I thought Adriaan Louw wrote a great piece on how Maitland was ahead of his time. That had me thinking, I believe Robin McKenzie was as well!
1) Specificity is not needed
Coming from the University of St. Augustine's mechanistic approach, you are really thrown for a loop when I learned MDT's approach of looking at movement without palpation or structure, and mobilization without specificity. It creates hypermobility! - was a detraction I heard 14 years ago. We don't hear too much of that now! With studies showing cavitation occurring 3 levels away, and the CPR for Lumbar Thrust Manipulation showing that a specific technique was not needed in a certain population, we can throw out much of the "magic hands" are needed old school paradigms.
2) Patient education/interaction is paramount
Interaction with the patient and leaving the treatment and outcomes up to them makes them not only understand their condition, but responsible for it as well. It was even an early model of pain science education to focus not on the medical (negative) side of things like arthritis, degeneration, and MRI results, but to focus on motion, loading, and restoration of function.
Empowering the patient also makes them less reliant on you as a practitioner, but in my experience, does not mean that they won't be back. In fact, the faster you get someone better, the more business you get.
Learning a MDT evaluation makes you listen to the patient, instead of thinking you have all the answers, McKenzie said the patient holds the key. Listening develops a rapport, which is also better for outcomes.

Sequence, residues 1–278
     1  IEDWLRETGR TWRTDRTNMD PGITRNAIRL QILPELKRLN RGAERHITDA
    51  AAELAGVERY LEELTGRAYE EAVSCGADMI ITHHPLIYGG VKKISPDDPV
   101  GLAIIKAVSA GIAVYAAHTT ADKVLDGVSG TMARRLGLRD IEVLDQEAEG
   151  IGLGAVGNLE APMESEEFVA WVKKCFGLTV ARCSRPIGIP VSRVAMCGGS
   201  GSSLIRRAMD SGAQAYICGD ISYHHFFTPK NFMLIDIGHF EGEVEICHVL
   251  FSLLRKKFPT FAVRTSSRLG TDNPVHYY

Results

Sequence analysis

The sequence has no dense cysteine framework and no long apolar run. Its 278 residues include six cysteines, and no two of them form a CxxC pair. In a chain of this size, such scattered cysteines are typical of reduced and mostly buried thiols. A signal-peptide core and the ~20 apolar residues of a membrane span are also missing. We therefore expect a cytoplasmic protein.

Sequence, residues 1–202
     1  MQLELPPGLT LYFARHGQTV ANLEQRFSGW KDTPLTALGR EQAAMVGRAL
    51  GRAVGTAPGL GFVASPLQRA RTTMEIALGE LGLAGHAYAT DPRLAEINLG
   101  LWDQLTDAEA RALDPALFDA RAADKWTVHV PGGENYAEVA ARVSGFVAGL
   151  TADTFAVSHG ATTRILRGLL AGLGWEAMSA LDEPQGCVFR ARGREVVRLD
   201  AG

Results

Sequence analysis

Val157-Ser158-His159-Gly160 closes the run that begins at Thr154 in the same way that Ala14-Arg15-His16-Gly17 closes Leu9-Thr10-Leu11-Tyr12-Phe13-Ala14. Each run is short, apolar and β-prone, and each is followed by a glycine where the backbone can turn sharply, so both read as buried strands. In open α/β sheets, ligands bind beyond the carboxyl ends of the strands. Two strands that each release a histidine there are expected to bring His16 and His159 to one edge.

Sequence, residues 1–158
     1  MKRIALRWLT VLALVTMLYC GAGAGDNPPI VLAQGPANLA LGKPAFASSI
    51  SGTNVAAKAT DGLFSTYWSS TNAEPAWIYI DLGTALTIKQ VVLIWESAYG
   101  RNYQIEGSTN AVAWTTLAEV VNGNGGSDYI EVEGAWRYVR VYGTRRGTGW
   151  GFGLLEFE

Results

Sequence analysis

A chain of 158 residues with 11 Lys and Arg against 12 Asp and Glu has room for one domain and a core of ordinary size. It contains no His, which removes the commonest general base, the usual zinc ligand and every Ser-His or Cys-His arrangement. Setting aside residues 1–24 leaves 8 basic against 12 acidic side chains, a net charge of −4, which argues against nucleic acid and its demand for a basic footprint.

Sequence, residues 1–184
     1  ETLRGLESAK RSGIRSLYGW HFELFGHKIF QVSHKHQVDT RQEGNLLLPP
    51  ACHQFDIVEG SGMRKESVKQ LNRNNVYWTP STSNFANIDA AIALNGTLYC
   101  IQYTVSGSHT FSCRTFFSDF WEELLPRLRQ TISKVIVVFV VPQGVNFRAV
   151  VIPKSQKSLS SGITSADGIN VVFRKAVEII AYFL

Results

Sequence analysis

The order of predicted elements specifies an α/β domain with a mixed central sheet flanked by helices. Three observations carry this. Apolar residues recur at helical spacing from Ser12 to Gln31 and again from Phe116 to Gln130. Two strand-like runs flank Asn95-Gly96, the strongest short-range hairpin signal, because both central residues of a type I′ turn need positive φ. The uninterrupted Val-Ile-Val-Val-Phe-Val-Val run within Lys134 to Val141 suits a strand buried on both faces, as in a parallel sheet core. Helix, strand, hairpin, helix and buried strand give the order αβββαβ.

3) End range
Some now call it "resets" and Mulligan used to call them "miracles." The the focus is now on the neurophysiologics of the rapid change. McKenzie (and Mulligan) knew that getting to end range was important to make the rapid change in even chronic complaints. Hypermobility was not promoted, nor is it a negative thing as some people are just born with laxity anyway. One of the biggest reason why people cannot get MDT to work (patients or clinicians) is not pushing to end range.
Classification leads to improved outcomes as it enhances clinical decision making and facilitates treatment. The MDT system is simple and often knocked for looking at how movements and positions change the patient's presentation. Simplicity is what makes it reliable. With no emphasis on special tests or passive accessory motions, the evaluation is simplified, and trust me, that is not a bad thing.
5) Stabilization/strengthening is not always needed
MDT simplified HEPs making patients more likely to perform them. "That's all I have to do to get better and stay better?" patients often ask. Again, once knocked for its simplicity, how can you expect a patient to remain compliant with their HEP if you're giving them 10-20 exercises? How many do you do for your own workout? After resetting the movement system, retesting strength and function often shows that there was no "strength" deficit in the first place.
Maybe this will be part 1, as I could go on, but it's getting late, and I have an early patient tomorrow morning! I hope you all have a great weekend!